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1.2.1.1 Delivery of Natural Gas to the Consumer

As a source of domestic energy that pre-dates electricity, natural gas has historically been viewed as an economically significant commodity that, in view of the public welfare, has required some form of public control. Today, it is an undeniable fixture on the American energy landscape: natural gas is transported to every area of the country and accounts for about 29% of the country’s total energy consumption. In all, 1500 local gas distribution companies collectively serve almost 70 million residential customers.

When consumers adjust the thermostat to help heat their home, they are performing the final act in a continuous chain of economic transactions. The gas service they enjoy typically has been transported over hundreds and even thousands of miles from its point of origin. First, the gas is gathered in the field; then it is sold and transported by pipelines to the consumer markets. Finally, the local distribution companies who receive the gas from the pipelines make it available to the public.

Natural gas producers look for and harvest the resource and subsequently sell it to their pipeline customers. In large measure, they are not regulated as public utilities and are generally free to charge whatever prices they feel the market will bear.

At least until 1992, the interstate pipelines that purchase gas from producers had been both the most significant entities within the natural gas industry and the most heavily regulated. Those companies whose transmission contracts cross state lines are subject to federal regulation. Pipelines that operate exclusively intrastate must answer to state authorities (with some exceptions).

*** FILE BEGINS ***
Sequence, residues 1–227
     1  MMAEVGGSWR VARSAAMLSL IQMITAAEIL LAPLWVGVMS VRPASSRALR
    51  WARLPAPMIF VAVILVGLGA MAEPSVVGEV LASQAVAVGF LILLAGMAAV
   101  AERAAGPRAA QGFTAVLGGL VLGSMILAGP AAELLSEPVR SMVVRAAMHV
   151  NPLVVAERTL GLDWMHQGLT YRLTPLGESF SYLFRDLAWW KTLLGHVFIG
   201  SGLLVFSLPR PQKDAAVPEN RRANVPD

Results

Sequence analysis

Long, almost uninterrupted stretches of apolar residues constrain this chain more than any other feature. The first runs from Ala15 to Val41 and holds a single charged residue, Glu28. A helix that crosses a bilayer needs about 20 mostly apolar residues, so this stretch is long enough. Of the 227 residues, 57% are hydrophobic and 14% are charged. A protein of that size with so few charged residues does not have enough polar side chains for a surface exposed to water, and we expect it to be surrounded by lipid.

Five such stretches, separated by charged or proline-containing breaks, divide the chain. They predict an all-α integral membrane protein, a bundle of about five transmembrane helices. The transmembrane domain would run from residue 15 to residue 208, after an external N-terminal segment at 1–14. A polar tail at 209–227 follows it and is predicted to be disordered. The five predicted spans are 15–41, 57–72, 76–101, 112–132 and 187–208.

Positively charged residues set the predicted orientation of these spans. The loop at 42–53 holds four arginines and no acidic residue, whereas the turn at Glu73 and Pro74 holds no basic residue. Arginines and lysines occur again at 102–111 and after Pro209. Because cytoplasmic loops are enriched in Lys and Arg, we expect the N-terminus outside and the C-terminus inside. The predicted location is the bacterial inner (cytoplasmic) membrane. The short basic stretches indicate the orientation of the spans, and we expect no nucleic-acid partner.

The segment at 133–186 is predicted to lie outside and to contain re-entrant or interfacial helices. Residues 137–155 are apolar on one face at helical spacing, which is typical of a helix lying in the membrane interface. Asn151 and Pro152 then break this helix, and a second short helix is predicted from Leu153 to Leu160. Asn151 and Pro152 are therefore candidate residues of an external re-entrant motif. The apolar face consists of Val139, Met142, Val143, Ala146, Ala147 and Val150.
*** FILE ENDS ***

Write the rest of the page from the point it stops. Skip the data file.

Until 1992, pipelines acted in a dual capacity as both sellers and the exclusive transporters of gas. Therefore, until 1992, if a local gas distribution utility (LDC) wished to buy gas so that it could supply its residential and business customers, it had no choice but to purchase the gas from a pipeline. Only pipelines had the means and facilities to buy gas from producers and, once they did so, they would not transport gas for anyone who did not buy the gas from them. Several recent developments in natural gas regulatory policy, discussed in § 1.2.1.3, infra, have permanently changed this dynamic, and as a result, new challenges have arisen for residential customers.

Natural gas is received from pipelines by LDCs that then resell it within their service territories. Because the vast majority of the 1500 LDCs operate within state boundaries, they are overseen by state utility commissions. Residential consumers of natural gas do business with the LDCs.